• An attacker could plug in a USB stick, so when you restart the computer it may (depending on its configuration) boot from the stick and into a system which could dump the contents of the RAM to the stick and then restart the computer. By breaking into your system via other vulnerabilities later and reading the stick out via software (which would mean that the attacker already got access at that point), or by retrieving the USB stick, the attacker could get the information needed to decrypt the disk.
    • An attacker could steal your system while it is running, open it up and literally freeze the RAM (which would increase the time span in which the data persists). By taking out the RAM modules and putting them into a system that would dump the RAM contents on boot, the attacker could get the information needed to decrypt the disk.

    Furthermore, the contents of the RAM can be read and modified via some ports such as Firewire, Cardbus, PCMCIA and ExpressCard while the system is running, so:


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    In conclusion, there currently is no generally reliable way to erase SSDs. If you are storing really sensitive data on your SSD, you should physically destroy the disk if you don't need it any longer. Also, if possible you should put the sensitive information on a system that has no access to the internet and update the system manually. Furthermore, encrypting the disk(s) of that system is a very good idea because the system might get stolen, which is probably the biggest risk of all in your case.
     
  7. passive101

    passive101 Notebook Deity

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    Stolen data would probably be the largest risk. I do of course follow all HIPAA guidelines which doesn't even include encryption, but I'd rather not take the risk to my clients or have a civil suit brought upon me.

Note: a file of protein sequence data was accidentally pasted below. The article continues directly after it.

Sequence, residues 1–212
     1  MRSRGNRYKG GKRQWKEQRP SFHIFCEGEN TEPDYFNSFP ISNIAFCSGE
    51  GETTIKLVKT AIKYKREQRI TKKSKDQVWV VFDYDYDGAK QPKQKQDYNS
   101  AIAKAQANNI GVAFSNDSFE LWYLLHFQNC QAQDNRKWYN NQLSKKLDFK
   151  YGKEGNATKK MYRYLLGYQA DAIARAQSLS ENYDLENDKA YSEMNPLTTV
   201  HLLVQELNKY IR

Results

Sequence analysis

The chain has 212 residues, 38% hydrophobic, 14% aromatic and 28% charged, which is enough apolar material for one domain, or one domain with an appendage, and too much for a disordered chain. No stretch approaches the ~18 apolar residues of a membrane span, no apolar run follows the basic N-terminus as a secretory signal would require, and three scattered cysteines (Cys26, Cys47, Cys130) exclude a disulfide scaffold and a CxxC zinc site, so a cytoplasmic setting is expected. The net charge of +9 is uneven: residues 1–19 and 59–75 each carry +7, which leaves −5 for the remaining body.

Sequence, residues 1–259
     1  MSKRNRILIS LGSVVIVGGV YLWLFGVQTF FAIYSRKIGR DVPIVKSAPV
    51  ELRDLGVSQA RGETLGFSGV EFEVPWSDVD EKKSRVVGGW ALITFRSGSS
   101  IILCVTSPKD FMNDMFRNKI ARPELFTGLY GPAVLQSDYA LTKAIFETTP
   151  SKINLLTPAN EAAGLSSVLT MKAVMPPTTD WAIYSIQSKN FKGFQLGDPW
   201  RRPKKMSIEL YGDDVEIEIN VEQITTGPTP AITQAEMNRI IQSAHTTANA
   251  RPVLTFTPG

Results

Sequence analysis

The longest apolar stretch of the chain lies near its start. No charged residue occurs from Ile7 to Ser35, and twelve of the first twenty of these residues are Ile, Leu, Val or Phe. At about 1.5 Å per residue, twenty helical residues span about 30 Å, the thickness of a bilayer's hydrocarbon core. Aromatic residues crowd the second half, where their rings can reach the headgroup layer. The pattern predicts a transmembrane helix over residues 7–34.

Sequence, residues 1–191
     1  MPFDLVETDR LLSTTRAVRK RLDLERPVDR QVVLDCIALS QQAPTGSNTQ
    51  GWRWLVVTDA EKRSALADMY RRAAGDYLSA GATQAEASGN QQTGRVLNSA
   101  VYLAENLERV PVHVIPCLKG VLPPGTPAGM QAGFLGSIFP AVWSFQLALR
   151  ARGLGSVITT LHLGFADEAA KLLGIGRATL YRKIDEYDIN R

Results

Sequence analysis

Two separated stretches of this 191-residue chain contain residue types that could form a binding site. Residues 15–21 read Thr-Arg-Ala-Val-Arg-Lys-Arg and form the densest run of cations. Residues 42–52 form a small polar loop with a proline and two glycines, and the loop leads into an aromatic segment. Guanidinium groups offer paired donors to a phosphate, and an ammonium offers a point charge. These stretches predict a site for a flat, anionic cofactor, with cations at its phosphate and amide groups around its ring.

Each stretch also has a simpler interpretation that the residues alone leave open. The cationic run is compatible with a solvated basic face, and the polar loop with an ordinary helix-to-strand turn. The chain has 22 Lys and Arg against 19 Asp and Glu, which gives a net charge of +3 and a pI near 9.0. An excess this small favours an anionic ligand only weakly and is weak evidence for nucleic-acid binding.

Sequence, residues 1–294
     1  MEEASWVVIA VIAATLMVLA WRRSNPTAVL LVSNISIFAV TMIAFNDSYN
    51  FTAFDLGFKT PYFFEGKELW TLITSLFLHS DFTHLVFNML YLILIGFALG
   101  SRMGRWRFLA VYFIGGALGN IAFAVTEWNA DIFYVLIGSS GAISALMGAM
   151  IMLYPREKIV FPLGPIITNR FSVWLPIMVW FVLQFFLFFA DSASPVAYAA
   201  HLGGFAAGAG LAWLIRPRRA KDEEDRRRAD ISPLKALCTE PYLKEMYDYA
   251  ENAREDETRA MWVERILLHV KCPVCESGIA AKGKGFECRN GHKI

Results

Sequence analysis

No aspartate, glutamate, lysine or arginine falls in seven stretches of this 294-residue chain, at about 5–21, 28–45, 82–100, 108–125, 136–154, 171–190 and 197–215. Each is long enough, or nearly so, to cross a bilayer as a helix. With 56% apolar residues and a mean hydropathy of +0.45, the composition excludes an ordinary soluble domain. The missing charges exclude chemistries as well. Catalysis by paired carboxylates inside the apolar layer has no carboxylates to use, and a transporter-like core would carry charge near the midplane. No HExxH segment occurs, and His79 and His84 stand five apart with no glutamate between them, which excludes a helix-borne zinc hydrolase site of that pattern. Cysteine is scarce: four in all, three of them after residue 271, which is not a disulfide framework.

It sounds like I will encrypt the drive with trucrypt, but destroy the SSD before selling/disposing of the computer. I do have the original HDD that came with it and could easily just swap it out.
     
  8. passive101

    passive101 Notebook Deity

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    Does anyone know if this problem can be fixed in the future? I can't imagine I am the only person concerned about this in this day of age.
     
  9. woofer00

    woofer00 Wanderer

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    What counts as sufficient implementation of data security measures is between you and your malpractice insurer. Chances are, your current methods are probably above and beyond the industry standard. Loss of sensitive data is more likely to occur as a result of leaving your office door unlocked than having data copied and decrypted off a drive you threw out.

    To the best of my knowledge, the issue of data ghosts remaining after wipes has never really been entirely solved - hence, physical destruction by most financial and medical data IT security departments.